Another approach would be to generate the multiples of 3 and to generate the multiples of 5 that are less then `1000`

, and then tally up the generated lists, but you’d need to be careful not to include any numbers twice. Some numbers (e.g. 15) are multiples of both 3 and of 5, but only should get added into the sum for this problem once, so I assert it is simpler to just consider each of the candidate numbers and accumulate the ones that meet the criteria for being interesting.

Got another plausible shape for the solution of this problem?

So, I’m going to stick with my initial proposal which in Python-like pseudo-code looks like this:

sum=0 for num in numbers 1 thru 999: if num is "interesting": sum += num print(sum)

Note that in Python, indentation is used to delineate the blocks of code. My Python-like pseudo-code follows that same convention. Thus the body of the loop statement is indented under the “for” that introduces the loop.

The body of the “then” clause that is made conditional by the “if” statement is indented inside the “if”. Since the “if” is inside the “for” loop, the accumulation of the sum is doubly indented. The initialization of sum to zero is outside of the “for” loop so it isn’t indented at all. The “print” statement is also not indented. We don’t want to print the partial sum on each iteration of the loop, so it is important not to indent that final “print”. But maybe when you are debugging, a print statement inside the loop would be a helpful addition. That would be done by adding another print statement and indenting it so it is inside the loop. You might want to include a comment on your debugging code so you can trim the debugging code out when your program is in good working order.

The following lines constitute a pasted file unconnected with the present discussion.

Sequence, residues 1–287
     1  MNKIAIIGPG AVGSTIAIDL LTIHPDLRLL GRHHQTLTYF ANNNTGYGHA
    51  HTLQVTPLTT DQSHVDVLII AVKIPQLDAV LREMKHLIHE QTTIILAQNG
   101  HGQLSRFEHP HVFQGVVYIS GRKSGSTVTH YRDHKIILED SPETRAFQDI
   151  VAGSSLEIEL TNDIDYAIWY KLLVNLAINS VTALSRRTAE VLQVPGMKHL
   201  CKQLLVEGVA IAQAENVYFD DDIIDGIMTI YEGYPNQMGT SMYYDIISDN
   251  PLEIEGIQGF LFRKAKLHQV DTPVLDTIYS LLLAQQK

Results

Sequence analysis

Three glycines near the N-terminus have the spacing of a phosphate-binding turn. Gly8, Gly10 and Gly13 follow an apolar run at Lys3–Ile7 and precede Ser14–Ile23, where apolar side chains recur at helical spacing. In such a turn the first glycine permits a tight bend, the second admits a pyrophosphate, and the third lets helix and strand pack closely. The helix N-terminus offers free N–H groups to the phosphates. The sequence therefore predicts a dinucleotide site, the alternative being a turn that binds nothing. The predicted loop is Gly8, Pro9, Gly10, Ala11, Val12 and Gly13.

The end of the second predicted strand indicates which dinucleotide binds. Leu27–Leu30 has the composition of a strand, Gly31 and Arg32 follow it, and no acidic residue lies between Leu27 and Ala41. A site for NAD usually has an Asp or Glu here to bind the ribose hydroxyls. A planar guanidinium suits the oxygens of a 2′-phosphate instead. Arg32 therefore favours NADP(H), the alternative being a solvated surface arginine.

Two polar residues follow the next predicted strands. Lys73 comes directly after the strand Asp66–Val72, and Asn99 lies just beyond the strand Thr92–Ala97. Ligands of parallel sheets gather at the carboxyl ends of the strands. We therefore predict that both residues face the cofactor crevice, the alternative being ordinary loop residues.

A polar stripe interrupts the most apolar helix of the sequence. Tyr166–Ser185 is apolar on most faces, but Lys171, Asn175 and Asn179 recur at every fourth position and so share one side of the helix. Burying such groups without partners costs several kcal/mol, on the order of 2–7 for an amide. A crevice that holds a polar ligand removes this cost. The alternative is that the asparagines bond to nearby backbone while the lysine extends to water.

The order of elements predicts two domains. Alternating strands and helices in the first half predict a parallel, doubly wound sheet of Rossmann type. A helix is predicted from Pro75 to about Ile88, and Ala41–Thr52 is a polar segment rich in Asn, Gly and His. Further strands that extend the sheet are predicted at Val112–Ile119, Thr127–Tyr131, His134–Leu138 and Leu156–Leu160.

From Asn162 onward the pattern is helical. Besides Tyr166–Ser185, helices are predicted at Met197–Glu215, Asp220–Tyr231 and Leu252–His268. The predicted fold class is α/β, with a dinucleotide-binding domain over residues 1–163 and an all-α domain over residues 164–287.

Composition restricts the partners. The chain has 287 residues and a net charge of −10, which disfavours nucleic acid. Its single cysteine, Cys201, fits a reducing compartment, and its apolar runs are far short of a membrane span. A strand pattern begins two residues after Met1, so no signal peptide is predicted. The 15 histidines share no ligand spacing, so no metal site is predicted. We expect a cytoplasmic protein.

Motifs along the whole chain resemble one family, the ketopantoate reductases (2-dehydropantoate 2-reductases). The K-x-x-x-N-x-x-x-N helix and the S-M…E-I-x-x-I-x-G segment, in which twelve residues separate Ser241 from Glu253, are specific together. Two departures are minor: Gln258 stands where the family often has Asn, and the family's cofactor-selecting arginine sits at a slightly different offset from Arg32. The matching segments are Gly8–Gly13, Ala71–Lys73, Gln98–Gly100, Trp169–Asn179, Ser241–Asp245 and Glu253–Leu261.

The “sum += num” statement is Python short-hand for “sum = sum + num”, since accumulating totals is such a frequently needed operation.

I hope you’ve noticed that the pseudo-code is not quite working python, so we aren’t done yet. The most glaring magic is how do we really decide if a given number, which we’ve named “num”, is “interesting”?

#### How to test if a number is a multiple of some value

So we need to consider how to test a number to see if it a multiple of 3 (or of whatever number we want to test to see if it is a multiple of). Python has a modulo operator (%) that is documented here. ** x % y ** is how you ask Python to compute the remainder of dividing the number stored in x by the number stored in y. So all you need to realize is that if x is a multiple of y, that the remainder will be `0`

, and if x is not a multiple of y, then the remainder will not be zero.

So if we have a number to test named num, then we can test if num is a multiple of 3 by using this Python code:

num % 3 == 0

The result of that test expression is a True or False value (True if the remainder is `0`

. False if the remainder is not `0`

).